Insurance as an asset class – Did you know?

Permanent insurance has been a “go to” financial bunker for the past 100 years.

History and present-day performance numbers clearly state that a well-designed insurance policy from a high-quality insurance carrier is one of the best investments available now and for the foreseeable future.

Did you know: William A. Berridge, economist of the Metropolitan Life Insurance Company, stated in an article in the New York Times of May 14, 1933, that up to the end of 1932 none of the 12 largest life insurance companies, having three-fourths of the assets of all legal-reserve companies, had not received any loan from the Reconstruction Finance Corporation, the banks, or any other source.

Did you know: That During the Depression, life insurance fared much better than property and casualty. Life insurance was considered a safe investment for a family of limited means, and many insureds were able to take policy loans against their life insurance.

Did you know: In any financial depression the main source of difficulty for any financial institution arises from lack of ample liquidity. Ample liquidity to meet unusual demands without resort to unusual measures is a characteristic of present-day life insurance. Not only has the borrowing by companies been negligible but sales of securities at a loss or sacrifice have likewise been negligible. In other words, life insurance is built to withstand the most severe and continuing strain.

Did you know that: Bank Owned Life Insurance (BOLI) continues to be a popular investment choice for a variety of banks. As of December 31, 2020, 3,137 banks nationwide reported cash surrender values on their regulatory filings. 67.6% of banks nationwide with assets between $100 million and $1 billion currently own BOLI.

Did you know that: $184.6 billion of BOLI cash value is now on bank’s financials as of 12/31/20

  • Wells Fargo as $18.2 billion of life insurance and annuity cash values in its tier 1 capital. (Tier 1 capital is the safest capital in the bank)
  • As of 2010, JP Morgan had $10 billion, Bank of America $20.3 billion, PNC Bank $7.4 billion, and Mellon had $3.7 billion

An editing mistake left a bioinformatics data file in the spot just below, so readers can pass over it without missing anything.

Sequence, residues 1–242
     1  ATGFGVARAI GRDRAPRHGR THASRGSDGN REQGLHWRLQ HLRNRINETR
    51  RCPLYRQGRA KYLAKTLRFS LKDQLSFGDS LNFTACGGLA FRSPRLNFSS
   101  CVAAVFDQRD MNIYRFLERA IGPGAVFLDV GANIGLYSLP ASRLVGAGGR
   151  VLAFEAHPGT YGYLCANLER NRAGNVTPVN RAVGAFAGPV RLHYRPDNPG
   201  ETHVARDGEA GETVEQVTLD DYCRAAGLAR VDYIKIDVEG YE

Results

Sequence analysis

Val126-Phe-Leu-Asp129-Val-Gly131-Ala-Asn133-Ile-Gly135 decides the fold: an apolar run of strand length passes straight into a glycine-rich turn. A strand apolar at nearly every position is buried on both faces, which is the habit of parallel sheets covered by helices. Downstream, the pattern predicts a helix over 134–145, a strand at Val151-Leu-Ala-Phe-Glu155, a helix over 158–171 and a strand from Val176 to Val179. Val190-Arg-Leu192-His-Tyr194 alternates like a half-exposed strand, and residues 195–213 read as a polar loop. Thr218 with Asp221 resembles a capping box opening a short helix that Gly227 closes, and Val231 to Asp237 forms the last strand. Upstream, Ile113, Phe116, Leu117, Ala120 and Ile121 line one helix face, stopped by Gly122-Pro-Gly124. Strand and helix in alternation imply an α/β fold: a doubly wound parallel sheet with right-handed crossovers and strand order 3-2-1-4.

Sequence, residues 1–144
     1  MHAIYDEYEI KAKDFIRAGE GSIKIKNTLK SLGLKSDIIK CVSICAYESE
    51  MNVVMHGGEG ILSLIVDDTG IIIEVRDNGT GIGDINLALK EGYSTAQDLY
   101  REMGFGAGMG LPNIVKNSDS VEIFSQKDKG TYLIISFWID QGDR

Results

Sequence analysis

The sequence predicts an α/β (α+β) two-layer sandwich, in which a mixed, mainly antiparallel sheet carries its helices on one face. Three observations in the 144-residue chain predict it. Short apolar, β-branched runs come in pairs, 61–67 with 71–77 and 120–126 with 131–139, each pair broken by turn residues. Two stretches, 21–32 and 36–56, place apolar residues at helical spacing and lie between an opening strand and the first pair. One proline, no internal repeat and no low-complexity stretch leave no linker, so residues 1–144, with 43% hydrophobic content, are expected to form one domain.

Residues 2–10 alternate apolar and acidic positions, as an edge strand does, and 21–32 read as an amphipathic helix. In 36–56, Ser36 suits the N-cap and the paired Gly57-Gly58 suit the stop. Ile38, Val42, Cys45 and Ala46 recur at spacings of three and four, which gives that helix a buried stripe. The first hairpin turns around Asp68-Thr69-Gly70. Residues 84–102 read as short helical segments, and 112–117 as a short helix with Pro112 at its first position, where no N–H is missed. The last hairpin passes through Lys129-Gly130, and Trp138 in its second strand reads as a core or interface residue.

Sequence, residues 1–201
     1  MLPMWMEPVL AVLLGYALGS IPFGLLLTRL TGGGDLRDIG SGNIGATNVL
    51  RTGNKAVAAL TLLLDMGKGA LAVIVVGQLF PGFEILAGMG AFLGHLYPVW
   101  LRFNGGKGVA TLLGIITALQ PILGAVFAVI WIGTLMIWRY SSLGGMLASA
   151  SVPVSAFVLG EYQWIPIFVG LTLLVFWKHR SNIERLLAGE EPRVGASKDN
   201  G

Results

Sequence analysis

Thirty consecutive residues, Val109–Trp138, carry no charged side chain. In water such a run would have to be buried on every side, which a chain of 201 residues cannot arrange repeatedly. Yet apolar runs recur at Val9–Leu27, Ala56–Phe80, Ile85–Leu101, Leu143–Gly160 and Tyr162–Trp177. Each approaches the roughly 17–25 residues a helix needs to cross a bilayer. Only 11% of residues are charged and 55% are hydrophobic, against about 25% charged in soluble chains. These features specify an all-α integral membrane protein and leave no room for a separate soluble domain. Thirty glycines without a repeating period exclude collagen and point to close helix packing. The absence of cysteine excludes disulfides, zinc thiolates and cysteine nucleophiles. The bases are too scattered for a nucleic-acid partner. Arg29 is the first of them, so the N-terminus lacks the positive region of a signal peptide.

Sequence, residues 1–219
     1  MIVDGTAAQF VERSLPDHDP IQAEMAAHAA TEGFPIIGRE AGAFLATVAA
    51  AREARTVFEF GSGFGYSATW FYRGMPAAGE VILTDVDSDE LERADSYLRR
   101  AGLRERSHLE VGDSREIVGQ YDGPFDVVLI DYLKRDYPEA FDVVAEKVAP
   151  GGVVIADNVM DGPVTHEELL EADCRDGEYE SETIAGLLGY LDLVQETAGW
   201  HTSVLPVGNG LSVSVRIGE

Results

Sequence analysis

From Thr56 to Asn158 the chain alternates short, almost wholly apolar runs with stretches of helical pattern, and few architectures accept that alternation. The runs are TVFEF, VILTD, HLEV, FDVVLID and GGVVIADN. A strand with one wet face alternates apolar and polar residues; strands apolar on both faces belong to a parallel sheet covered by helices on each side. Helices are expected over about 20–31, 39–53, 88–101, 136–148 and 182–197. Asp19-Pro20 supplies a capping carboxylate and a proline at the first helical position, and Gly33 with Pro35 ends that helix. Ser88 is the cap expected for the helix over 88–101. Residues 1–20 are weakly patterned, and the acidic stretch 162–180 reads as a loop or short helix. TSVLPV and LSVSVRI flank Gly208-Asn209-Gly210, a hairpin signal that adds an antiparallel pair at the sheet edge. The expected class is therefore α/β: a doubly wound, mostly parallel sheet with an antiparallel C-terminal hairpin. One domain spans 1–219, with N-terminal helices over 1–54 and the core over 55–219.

Did you know that: Based on industry surveys², 75% of the Fortune 1000 companies finance their SERP (supplemental executive retirement plan) obligations with Company Owned Life Insurance (COLI) programs; of the 50 top banks and thrift institutions in the United States, 43 have implemented COLI programs.

  • Bank of America CEO Ken Lewis is guaranteed to $3.486 million a year as an annual retirement benefit beginning at age 60. The annual report shows $53.4 million in Ken’s SERP (A high-cash value life insurance policy)
  • AT&T Stephenson $41 million
  • Boeing CEO McNerney $34 million
  • Roberts at Comcast $232 million in a Split-Dollar Arrangement (yet another type of insurance-based plan)
  • Exxon’s Tillerson with $43 million
  • GE’s CEO with $52 million
  • IBM Palmisano with $28.8 million

The key point being that top executives don’t have 401(k) plans they use insurance as a better more secure retirement income plan.  A key reason is that distributions are done in the form of tax-exempt loans against their policy’s cash value and guarantee an inheritance for their family.

Banks and Fortune 1000 companies have invested heavily in permanent cash-value insurance contracts.

These same strategies are a valuable addition to any family or estate looking to maximize future income and liquidity to pay for life’s major medical events.

The BOLI and COLI information is from ForbesBooks SMART Retirement by Matt Zagula. More current information is available on these public companies’ annual reports.

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